The Man Behind The ‘Personhood’ Crusade; Atul Gawande On SCOTUS; ‘No One Dies Alone’ Program

Every week, KHN reporter Shefali S. Kulkarni selects interesting reading from around the Web.

Newsweek: Behind ‘Personhood’ Leader Keith Mason’s Anti-Abortion Crusade
In the four years since Mason launched the pro-life group Personhood USA, he has been crisscrossing the country to convince voters that the best way to overturn Roe v. Wade, the ruling that legalized abortion, is to define human embryos as people from the moment of fertilization. … Mason, the man at the heart of the maelstrom, is part preacher, part hipster. … As Mason’s team gathers signatures for the fall ballots in his most ambitious season so far, opponents are bracing for a fight. Planned Parenthood, the American Civil Liberties Union, and other groups have filed lawsuits and launched extensive publicity campaign (Abigail Pesta, 6/25).

The New Yorker: Something Wicked This Way Comes
Tens of millions of Americans don’t have access to basic care for prevention and treatment of illness. … most American leaders, regardless of their politics, believe that people’s health-care needs should be met; they’ve sought to insure that soldiers, the elderly, the disabled, and children, not to mention themselves, have access to good care. But many draw their circle of concern narrowly; they continue to resist the idea that people without adequate insurance are anything like these deserving others (Dr. Atul Gawande, 6/28).

The New York Times: For Uninsured In Texas, Supreme Court Ruling Adds To Uncertainty
In Texas — where 25 percent of the population lacks health insurance, the highest uninsured rate of any state, according to the Texas Medical Association — the Supreme Court’s ruling was not quite the partisan victory or defeat it might have been in Washington. Though those without health coverage perhaps had the most at stake, the ruling was one more element of uncertainty in uncertain lives, drowned out by more pressing medical needs and financial pressures. The uncertainty was intensified by unanswered questions over the state’s efforts to fight the expansion of Medicaid, the government health-insurance program for low-income and sick people (Manny Fernandez, 6/29).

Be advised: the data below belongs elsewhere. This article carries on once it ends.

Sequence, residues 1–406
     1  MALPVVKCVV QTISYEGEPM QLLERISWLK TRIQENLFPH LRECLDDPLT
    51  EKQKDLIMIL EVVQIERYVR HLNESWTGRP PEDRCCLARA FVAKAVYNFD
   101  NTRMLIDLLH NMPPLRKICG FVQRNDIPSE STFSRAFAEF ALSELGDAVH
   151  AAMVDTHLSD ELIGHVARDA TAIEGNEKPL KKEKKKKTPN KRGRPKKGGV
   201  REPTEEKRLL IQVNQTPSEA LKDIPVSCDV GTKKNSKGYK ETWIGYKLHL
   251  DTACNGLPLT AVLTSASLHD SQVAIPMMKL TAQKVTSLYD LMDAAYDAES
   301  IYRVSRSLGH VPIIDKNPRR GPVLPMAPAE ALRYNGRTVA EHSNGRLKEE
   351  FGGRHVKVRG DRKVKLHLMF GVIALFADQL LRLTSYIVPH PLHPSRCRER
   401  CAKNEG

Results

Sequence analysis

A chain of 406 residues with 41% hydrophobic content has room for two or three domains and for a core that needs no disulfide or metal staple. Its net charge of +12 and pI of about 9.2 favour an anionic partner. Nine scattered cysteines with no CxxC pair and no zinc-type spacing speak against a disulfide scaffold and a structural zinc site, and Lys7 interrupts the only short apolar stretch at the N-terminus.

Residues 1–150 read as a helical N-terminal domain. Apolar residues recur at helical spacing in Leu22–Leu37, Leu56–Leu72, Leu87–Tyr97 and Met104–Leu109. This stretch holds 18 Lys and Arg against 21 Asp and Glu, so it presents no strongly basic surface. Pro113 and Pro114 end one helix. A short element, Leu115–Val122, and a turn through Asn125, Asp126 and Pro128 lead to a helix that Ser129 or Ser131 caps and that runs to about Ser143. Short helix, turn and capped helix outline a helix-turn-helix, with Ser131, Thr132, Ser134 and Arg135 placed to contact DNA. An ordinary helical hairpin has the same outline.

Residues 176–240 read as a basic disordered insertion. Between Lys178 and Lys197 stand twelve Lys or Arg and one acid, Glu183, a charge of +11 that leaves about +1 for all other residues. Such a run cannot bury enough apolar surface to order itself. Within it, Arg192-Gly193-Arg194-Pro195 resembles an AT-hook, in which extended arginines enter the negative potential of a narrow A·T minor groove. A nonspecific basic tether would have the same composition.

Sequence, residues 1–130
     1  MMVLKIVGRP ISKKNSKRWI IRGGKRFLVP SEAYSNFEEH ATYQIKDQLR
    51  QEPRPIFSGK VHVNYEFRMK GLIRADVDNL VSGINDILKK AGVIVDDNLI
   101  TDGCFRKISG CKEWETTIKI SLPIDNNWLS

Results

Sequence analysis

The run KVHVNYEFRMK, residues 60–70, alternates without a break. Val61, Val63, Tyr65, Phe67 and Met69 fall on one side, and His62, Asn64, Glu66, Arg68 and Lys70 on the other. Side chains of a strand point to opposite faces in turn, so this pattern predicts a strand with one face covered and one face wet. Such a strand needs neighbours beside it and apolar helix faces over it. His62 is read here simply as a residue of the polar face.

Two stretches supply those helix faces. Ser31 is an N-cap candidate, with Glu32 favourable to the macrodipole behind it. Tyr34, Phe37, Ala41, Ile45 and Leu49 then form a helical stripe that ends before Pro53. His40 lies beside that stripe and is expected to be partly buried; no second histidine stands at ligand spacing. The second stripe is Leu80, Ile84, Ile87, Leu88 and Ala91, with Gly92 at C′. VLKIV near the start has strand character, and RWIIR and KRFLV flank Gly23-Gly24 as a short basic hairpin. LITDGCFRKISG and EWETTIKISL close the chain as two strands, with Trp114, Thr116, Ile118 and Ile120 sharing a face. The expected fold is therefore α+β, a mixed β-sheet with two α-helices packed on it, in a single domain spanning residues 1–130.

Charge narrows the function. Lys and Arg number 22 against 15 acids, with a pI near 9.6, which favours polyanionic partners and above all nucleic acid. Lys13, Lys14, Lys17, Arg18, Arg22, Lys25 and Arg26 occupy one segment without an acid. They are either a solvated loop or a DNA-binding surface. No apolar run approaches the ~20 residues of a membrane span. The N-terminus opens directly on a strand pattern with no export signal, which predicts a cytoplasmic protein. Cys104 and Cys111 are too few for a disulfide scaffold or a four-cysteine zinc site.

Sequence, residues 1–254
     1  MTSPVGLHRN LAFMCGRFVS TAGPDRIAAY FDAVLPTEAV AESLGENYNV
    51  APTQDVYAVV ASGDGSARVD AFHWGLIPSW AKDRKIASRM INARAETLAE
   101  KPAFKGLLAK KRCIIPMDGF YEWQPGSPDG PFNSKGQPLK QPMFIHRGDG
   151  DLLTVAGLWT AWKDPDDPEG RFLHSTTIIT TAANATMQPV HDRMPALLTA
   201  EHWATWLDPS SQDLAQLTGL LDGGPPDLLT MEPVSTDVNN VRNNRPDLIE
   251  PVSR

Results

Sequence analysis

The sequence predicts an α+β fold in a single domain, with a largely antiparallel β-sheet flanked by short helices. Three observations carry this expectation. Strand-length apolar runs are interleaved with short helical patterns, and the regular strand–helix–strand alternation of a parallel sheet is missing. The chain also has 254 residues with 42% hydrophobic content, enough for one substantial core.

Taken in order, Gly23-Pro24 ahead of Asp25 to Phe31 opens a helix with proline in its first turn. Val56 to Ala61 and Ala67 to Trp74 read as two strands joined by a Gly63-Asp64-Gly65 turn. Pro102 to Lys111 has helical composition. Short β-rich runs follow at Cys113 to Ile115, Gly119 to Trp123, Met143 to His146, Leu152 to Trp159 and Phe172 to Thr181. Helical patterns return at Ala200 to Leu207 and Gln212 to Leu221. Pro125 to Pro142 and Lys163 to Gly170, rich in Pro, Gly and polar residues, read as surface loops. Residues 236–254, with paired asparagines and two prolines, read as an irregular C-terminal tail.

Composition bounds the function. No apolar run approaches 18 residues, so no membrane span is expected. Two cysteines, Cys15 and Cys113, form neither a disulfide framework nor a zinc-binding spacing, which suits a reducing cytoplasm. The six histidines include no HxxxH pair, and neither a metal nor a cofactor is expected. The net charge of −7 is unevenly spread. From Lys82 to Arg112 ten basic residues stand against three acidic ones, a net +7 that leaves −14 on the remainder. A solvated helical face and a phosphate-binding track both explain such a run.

The Daily Beast: Obamacare: It’s Cheaper!
Amid the cheers and boos following last week’s Supreme Court ruling on the Affordable Care Act, one question remained unanswered: What the heck does it mean for me? For now, not much, considering most of the law won’t go into effect until 2014. But when it does, many of us are in for some big—and affordable—changes. Here, a user-friendly guide to the numbers (7/5).

The Economist: Building Up The Arsenal
When the federal Department of Health and Human Services announced on June 18th that Texas A&M University had been awarded a whopping contract to build a new biodefence centre, outsiders took notice. The federal government’s goal is to improve America’s ability to develop and deploy vaccines and other responses to a global pandemic or to biological warfare. …  [c]ompared with other states, Texas is generally perceived to loathe the federal government, to dislike spending money and to have little interest in providing public goods (6/30).

Los Angeles Times: No One Dies Alone Program Offers Comfort To The End
When (Barbara Farkas) heard that the hospital was starting a program called No One Dies Alone, she was intrigued. A few years earlier, she regularly visited a friend who was dying and felt good for being able to help with his care and comfort him. Today she is one of 32 volunteers who attend to patients as their schedules allow. Since signing up two years ago, Farkas has sat with at least 30 patients, and the experience has changed her, she says, leading her to discover patience, calm and compassion she didn’t know she had.  … No One Dies Alone was started in Oregon in 2001 when a dying man asked a nurse to sit with him. She agreed but first needed to make her rounds. When she returned, the man was dead, and the nurse resolved to enlist volunteers to stay with patients who were alone and close to death (Thomas Curwen, 7/5).